Our study has several strengths. It is based upon a cohort design with a population-based sample including a high proportion of ethnic minorities, and the attendance rate was high. We have succeeded in including illiterate and recently immigrated women by adapting the study methods to the needs of these women [26]. The results are considered generalizable to the total cohort of 823 women included in the STORK-Groruddalen study, as no significant differences between participants and the those with missing data om EPDS (n = 74) were found.

We also have information on a broad range of socioeconomic measures, family structure, variables related to level of social integration, and we have applied an etiological approach. To our knowledge, only a few studies have explored depression in pregnancy among multi-ethnic populations and even fewer have presented analyses for several ethnic minority groups.

Some manifestations of pregnancy, particularly during the first trimester, may mirror symptoms of depression, such as fatigue, poor appetite and sleeping problems. As a consequence, depressed pregnant women often tend to have higher scores than non-pregnant women on available diagnostic tools, such as the Centre for Epidemiologic Studies Depression Scale (CES-D) [5]. The EPDS does not include any somatic symptoms, rendering this measure methodologically advantageous to use among pregnant women [64,65].

In our study, the EPDS was administered through interviews performed by certified study midwives. However, some women may have felt uncomfortable reporting problems in a face-to-face setting with a health care professional. If so, this may have led to underreporting and consequently an underestimate of the prevalence of depression. This may have been the case in a previous Norwegian study of postpartum depression in Pakistani women, in which the prevalence of depression was found to be 7.6% [66]. In that study, the women were interviewed at home, with family members, sometimes the husband, being present or acting as translators.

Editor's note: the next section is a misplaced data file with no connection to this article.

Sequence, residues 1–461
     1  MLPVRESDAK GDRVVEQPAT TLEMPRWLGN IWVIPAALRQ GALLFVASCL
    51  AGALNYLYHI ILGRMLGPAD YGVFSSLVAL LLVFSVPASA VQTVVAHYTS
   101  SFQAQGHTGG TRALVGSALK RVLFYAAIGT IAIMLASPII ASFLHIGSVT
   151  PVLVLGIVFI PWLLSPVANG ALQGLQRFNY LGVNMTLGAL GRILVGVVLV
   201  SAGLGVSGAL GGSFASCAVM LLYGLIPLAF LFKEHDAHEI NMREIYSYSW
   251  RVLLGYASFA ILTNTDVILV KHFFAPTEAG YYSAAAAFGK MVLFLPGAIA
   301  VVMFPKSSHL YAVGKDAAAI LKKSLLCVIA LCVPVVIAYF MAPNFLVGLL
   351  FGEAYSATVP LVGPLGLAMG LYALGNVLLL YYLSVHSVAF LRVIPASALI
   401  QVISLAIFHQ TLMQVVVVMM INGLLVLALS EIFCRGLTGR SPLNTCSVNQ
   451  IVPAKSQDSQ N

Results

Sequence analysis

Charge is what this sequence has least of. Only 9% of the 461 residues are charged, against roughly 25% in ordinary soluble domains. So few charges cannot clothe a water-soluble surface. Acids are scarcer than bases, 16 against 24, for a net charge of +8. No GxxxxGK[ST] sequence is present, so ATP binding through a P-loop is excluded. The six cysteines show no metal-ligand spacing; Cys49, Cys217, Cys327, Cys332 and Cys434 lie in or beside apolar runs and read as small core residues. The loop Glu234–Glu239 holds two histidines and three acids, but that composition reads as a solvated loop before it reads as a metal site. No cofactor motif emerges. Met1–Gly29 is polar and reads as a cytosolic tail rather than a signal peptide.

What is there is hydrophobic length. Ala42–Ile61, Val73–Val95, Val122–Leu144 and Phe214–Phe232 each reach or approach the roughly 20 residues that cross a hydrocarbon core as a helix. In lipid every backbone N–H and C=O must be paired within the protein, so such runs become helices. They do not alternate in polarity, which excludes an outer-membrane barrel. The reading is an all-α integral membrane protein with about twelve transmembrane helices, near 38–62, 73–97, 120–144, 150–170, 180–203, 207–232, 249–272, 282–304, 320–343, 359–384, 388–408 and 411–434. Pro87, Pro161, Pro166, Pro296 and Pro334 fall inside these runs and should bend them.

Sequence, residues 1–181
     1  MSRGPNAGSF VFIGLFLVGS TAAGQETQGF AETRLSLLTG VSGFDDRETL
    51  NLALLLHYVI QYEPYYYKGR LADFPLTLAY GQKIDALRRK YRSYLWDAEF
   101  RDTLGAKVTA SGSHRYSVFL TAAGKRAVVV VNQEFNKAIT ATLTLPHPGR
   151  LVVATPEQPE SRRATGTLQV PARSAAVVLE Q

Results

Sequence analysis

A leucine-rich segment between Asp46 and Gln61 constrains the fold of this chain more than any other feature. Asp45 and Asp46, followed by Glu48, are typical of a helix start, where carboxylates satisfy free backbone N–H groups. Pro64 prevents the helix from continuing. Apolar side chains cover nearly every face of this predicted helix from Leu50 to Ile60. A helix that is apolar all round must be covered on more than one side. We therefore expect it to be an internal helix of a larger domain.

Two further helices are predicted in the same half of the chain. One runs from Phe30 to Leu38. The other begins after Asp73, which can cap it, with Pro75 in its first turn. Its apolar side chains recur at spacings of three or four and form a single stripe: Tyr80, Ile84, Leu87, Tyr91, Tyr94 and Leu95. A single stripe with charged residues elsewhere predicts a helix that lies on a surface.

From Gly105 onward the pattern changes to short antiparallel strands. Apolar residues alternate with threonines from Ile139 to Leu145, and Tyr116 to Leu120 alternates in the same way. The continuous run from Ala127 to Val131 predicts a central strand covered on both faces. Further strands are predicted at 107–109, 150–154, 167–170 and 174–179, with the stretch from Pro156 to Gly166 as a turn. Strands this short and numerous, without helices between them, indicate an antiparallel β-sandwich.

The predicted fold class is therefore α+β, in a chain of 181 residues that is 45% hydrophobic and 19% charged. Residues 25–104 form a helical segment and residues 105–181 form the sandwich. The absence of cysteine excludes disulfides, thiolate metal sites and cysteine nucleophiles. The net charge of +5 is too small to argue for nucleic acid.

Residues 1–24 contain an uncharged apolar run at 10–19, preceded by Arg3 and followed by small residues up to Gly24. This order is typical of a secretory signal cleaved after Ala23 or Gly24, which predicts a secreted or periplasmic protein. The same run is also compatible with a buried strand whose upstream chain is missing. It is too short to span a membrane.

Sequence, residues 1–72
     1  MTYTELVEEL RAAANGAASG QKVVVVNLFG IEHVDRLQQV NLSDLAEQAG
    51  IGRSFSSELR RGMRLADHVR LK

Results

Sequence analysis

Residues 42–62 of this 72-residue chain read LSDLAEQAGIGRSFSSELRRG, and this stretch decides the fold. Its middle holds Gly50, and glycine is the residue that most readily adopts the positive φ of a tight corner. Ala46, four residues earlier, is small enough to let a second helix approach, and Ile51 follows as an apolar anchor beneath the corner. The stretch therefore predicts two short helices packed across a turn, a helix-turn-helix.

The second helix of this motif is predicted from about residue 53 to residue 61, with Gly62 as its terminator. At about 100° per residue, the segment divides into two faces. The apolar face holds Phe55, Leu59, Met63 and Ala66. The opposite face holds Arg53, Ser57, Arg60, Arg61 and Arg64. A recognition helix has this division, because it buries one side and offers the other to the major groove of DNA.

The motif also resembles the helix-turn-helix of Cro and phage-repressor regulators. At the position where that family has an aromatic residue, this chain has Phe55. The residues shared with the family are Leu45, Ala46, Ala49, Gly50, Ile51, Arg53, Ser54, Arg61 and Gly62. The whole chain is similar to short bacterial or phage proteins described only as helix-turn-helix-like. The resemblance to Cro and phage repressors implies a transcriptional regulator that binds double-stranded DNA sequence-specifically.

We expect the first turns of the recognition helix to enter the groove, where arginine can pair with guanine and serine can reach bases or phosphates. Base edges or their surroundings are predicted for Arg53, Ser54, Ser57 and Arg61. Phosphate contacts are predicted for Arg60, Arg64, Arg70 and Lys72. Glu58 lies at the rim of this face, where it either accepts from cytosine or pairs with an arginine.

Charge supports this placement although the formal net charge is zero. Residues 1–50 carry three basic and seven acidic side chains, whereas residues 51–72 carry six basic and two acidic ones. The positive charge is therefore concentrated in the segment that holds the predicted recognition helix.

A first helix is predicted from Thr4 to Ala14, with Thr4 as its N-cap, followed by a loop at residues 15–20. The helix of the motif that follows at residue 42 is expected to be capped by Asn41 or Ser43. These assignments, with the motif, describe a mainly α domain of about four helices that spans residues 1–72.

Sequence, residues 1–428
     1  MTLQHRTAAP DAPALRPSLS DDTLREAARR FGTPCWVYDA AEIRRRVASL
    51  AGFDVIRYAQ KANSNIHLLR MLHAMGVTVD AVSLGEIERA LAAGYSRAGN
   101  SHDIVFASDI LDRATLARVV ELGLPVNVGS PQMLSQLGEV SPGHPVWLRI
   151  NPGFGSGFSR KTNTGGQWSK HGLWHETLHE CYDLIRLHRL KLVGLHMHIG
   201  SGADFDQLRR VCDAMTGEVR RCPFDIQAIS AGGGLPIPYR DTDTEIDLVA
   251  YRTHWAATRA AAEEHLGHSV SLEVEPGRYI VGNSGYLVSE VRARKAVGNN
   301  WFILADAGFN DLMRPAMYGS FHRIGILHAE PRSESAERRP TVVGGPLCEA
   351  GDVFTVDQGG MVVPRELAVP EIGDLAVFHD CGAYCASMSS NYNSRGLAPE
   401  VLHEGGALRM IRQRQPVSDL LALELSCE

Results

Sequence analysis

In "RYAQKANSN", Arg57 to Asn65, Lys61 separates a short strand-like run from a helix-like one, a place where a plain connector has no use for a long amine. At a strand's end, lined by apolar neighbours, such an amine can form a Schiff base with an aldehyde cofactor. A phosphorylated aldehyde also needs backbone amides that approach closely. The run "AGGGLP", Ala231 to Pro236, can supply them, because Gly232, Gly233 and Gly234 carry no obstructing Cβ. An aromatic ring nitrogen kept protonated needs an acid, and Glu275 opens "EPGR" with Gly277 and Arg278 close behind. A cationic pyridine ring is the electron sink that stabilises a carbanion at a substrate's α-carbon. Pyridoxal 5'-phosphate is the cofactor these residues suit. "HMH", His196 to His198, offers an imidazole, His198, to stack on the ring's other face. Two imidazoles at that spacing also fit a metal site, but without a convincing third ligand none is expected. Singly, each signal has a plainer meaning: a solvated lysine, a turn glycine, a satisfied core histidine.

Nevertheless, there are some noteworthy limitations. We did not have direct measures of social support, but relied upon indirect measures like single parenthood and family structure. Further, information about history of depression was self-reported and collected in the postpartum period, thereby subject to various recall and memory biases associated with retrospective self-report. We cannot rule out that if a woman had her first depressive symptoms ever in the index pregnancy, she refers to this episode. However, it seems unlikely that this may be the case for many women, and that this category error would have a large effect on the estimates. The small number in some ethnic minority groups limited study power and the number of categories included in the regression analyses, especially for the sensitivity analyses using EPDS ≥12 as the cut-off score. Heterogeneity within the relatively broad ethnic groups probably exists, and our grouping strategy may have also masked important within-group differences.

Lastly, an important issue for any study of multi-ethnic populations is the cross-cultural validity of the instrument used. The expression of depression may differ according to cultural context [47]. The EPDS instrument has been used extensively worldwide, with established psychometric properties across different contexts and cultures. We used official and validated versions to the extent possible. The Urdu version of the EPDS has been used in Pakistan with good psychometric properties [67]. The Tamil version has been validated in a Tamil population in India with high specificity and sensitivity [68], the Turkish version has satisfactory validity when used in a Turkish sample [69]. The Arabic and Vietnamese versions have also been validated and found to be reliable [47]. Although we used the official translation for the Somalian language, we were unable to find any validation studies for this version. We did not have the resources to formally validate our Sorani version of the instrument.